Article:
THE state government has released the much-anticipated draft Dunwich master plan, outlining how it wants to boost the town's economy in the post-sand mining era.
Residents are being urged to submit feedback on the plan, which the government hopes will serve as a blueprint for future residential, commercial, community, environmental and industrial land opportunities.
The draft document has revealed government plans to improve ferry infrastructure, foreshores, car parking, land use, township navigation and the economy.
Deputy premier Steven Miles said the master plan would position Dunwich as the island's gateway and help build the town's economy.
"I am calling on residents to play a part in helping decide the future growth and prosperity of their community," he said.
"The master plan can help drive their community's economy and this is a chance for them to decide what is significant for their community.
"Prior to COVID-19, we released a series of master plan options for comment which has helped shape the current draft master plan.
"We want to identify future economic development opportunities in Gumpi which the community supports before we deliver the final master plan ... "
The draft plan has revealed the state government wants to upgrade jetties at Junner Street and One Mile.
It has also uncovered plans for changes at several island locations, including Sibelco mining assets and the Riverside Sands loading site.
A tourist information centre, camping permit office and ranger base were intended to replace the Sibelco administration site.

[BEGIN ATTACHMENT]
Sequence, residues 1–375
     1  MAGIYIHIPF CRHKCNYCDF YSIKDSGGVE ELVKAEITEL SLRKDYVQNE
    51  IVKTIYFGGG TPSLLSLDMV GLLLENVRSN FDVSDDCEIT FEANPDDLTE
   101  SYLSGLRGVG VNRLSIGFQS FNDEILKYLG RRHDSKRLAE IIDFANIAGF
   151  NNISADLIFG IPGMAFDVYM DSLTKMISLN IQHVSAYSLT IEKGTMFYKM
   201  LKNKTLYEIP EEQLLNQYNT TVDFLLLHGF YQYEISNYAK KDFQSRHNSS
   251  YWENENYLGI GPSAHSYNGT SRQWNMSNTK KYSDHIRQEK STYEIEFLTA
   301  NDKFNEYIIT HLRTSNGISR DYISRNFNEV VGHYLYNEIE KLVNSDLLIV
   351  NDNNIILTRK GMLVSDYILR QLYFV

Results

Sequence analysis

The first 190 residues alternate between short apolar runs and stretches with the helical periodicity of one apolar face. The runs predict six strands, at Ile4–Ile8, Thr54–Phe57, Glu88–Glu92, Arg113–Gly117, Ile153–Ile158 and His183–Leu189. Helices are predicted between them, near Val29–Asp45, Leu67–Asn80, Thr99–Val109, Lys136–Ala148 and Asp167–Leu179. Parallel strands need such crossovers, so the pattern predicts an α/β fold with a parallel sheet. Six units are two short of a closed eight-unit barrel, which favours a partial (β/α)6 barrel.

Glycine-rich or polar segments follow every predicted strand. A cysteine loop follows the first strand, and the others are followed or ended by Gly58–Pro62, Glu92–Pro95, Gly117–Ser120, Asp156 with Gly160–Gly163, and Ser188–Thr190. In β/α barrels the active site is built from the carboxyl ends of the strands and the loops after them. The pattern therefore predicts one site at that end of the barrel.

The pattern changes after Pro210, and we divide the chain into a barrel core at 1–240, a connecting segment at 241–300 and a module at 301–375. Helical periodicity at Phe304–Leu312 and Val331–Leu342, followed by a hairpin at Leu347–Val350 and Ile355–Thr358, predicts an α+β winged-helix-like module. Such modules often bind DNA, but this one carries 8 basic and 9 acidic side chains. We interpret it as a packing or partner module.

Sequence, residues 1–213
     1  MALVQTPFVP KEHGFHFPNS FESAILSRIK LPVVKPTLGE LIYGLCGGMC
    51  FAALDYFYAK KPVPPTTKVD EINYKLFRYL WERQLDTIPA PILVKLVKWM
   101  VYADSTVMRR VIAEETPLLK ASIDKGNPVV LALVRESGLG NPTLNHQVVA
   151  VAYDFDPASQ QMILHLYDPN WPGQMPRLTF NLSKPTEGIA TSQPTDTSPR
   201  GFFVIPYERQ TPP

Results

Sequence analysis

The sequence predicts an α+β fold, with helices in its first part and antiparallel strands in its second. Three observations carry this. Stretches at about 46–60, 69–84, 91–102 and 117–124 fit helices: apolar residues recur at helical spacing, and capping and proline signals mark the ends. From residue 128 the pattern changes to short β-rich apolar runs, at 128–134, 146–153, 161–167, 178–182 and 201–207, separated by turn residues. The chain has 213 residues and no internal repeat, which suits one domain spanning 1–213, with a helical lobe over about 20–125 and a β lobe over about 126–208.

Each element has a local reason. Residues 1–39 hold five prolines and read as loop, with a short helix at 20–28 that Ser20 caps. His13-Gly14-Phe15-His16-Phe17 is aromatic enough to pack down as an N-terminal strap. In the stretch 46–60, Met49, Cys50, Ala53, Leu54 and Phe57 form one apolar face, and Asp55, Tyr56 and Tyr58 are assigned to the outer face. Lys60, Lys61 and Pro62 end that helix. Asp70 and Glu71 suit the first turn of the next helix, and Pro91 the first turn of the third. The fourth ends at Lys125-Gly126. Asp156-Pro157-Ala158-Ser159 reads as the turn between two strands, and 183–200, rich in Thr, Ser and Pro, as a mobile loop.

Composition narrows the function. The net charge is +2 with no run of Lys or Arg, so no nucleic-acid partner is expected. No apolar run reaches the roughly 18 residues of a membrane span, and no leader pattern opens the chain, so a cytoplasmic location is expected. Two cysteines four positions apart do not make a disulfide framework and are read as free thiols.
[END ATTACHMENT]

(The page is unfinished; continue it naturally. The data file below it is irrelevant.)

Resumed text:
Getting parking in order at places like the Little Ship Club, Yabby Street and Ballow Road was also outlined as a priority under the plan.
Mr Miles has directed council to amend its planning scheme to include provisions for a state government planning instrument introduced in September last year.
"The Queensland Government made the temporary local planning instrument last year to ensure the Quandamooka people's native title rights were recognised in relation to 25 parcels of land ...," he said.
"I am now directing Redland City Council to amend its planning scheme to include the provisions of the TLPI, including the bushfire mitigation measures to give the Quandamooka people long-term certainty."
The 25 land parcels were located at Dunwich, Amity and Point Lookout.
The planning instrument is in place for up to two years, meaning council had until September 14, 2022 to amend its scheme.
"This will give the Quandamooka people important land and residential opportunities and encourage investment, economic resilience and economic diversity for the community," Mr Miles said.
Proposed development on the 25 land parcels would require approval from council, or the department's state assessment and referral agency in some instances.
Consultation on the draft master plan is open from Thursday, July 29 to Friday, September 3.
See the draft master plan here.
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